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Process measures or patient reported experience measures (PREMs) for comparing performance across providers? A study of measures related to access and continuity in Swedish primary care

  • Anna H. Glenngård (a1) (a2) and Anders Anell (a1)

Abstract

Aim

To study (a) the covariation between patient reported experience measures (PREMs) and registered process measures of access and continuity when ranking providers in a primary care setting, and (b) whether registered process measures or PREMs provided more or less information about potential linkages between levels of access and continuity and explaining variables.

Background

Access and continuity are important objectives in primary care. They can be measured through registered process measures or PREMs. These measures do not necessarily converge in terms of outcomes. Patient views are affected by factors not necessarily reflecting quality of services. Results from surveys are often uncertain due to low response rates, particularly in vulnerable groups. The quality of process measures, on the other hand, may be influenced by registration practices and are often more easy to manipulate. With increased transparency and use of quality measures for management and governance purposes, knowledge about the pros and cons of using different measures to assess the performance across providers are important.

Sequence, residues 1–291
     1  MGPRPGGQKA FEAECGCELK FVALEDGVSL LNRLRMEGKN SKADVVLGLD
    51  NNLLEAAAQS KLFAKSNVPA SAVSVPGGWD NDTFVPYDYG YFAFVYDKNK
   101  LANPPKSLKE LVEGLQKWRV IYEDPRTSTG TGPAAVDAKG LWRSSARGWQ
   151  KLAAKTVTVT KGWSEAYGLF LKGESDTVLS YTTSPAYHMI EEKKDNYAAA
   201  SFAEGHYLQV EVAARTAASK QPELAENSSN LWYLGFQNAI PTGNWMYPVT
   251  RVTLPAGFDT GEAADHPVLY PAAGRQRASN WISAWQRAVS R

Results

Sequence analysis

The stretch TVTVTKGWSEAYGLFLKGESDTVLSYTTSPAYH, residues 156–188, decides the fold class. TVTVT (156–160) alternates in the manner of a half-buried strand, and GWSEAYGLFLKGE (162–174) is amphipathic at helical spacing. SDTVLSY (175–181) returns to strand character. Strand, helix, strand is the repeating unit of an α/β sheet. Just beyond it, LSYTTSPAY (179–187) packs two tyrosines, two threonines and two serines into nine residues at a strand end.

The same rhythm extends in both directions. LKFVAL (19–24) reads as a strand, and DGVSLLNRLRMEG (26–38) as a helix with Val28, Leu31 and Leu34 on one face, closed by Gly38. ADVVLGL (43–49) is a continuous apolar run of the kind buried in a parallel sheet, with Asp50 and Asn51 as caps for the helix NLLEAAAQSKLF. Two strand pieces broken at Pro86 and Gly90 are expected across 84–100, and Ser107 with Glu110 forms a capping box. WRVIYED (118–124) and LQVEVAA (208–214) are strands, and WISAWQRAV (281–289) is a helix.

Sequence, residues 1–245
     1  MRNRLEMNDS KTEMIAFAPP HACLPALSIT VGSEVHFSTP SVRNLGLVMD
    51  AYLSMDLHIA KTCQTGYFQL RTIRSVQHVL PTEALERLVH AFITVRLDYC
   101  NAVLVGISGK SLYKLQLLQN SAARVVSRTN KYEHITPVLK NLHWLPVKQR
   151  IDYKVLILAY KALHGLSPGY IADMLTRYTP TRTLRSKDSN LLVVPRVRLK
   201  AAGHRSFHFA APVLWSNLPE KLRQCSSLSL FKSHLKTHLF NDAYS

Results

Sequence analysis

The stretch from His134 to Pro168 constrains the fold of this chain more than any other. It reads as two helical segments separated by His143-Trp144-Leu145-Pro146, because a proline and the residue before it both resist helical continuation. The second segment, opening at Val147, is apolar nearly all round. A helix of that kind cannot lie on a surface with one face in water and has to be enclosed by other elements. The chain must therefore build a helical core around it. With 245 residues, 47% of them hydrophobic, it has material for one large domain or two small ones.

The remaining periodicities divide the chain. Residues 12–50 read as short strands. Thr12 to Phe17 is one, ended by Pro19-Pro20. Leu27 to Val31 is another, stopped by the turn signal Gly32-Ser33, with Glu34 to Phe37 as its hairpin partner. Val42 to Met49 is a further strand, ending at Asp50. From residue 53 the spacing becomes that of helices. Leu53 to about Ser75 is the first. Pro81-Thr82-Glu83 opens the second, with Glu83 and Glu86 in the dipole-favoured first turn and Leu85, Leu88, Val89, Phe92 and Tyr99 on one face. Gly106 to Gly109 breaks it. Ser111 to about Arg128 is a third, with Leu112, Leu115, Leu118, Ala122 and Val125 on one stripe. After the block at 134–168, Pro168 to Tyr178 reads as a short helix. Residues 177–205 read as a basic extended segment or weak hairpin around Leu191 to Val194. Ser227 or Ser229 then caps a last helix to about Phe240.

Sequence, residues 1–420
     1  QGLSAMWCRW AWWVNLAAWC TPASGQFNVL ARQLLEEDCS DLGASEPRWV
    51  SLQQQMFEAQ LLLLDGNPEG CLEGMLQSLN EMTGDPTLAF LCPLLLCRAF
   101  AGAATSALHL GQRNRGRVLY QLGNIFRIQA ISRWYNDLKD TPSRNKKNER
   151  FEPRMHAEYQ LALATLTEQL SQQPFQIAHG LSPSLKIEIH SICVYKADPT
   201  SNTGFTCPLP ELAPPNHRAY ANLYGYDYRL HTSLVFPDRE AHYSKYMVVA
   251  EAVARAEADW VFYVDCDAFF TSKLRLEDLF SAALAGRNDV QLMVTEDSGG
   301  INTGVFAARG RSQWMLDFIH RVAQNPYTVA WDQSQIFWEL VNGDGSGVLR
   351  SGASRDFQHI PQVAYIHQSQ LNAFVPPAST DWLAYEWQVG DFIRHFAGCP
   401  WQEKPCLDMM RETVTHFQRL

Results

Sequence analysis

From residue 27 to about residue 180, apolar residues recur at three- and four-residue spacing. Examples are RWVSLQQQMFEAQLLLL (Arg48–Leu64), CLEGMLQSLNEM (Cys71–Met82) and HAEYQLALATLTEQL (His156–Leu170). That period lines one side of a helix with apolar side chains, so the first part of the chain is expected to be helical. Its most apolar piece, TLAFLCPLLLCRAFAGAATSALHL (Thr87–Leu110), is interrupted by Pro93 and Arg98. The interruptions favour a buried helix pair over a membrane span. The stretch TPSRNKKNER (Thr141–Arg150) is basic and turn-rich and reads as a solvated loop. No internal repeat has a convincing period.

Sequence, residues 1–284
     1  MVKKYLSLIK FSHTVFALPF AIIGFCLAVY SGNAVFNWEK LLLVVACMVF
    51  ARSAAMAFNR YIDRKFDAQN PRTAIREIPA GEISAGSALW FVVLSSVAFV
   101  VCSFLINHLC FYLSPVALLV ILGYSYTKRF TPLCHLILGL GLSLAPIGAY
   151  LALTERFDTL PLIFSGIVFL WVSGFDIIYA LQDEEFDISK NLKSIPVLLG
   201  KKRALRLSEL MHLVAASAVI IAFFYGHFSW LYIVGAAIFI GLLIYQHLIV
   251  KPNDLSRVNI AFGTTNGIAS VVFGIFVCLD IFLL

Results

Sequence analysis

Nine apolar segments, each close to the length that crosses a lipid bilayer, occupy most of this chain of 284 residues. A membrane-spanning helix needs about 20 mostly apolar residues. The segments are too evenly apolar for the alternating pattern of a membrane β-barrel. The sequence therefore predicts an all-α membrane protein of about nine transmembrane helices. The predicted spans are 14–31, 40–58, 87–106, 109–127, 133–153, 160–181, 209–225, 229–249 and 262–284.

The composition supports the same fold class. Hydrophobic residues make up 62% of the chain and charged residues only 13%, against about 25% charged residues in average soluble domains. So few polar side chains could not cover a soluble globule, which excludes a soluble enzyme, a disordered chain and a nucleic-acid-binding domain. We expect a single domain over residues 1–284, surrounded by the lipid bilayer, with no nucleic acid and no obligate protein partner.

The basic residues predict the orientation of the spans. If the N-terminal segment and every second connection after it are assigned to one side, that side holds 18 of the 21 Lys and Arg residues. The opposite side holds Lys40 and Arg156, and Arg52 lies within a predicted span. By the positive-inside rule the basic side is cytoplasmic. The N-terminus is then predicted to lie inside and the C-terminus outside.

Methods

Four regression models were developed with registered process measures and PREMs of access and continuity as dependent variables. Independent variables were characteristics of providers as well as geographical location and degree of competition facing providers. Data were taken from two large Swedish county councils.

Findings

Although ranking of providers is sensitive to the measure used, the results suggest that providers performing well with respect to one measure also tended to perform well with respect to the other. As process measures are easier and quicker to collect they may be looked upon as the preferred option. PREMs were better than process measures when exploring factors that contributed to variation in performance across providers in our study; however, if the purpose of comparison is continuous learning and development of services, a combination of PREMs and registered measures may be the preferred option. Above all, our findings points towards the importance of a pre-analysis of the measures in use; to explore the pros and cons if measures are used for different purposes before they are put into practice.

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Copyright

Corresponding author

Correspondence to: Anna H. Glenngård, Lund University School of Economics and Management, Box 7080, 22007 Lund, Sweden. Email: anna.glenngard@fek.lu.se

References

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Supplementary materials

Glenngård and Anell supplementary material
Appendices 1-2

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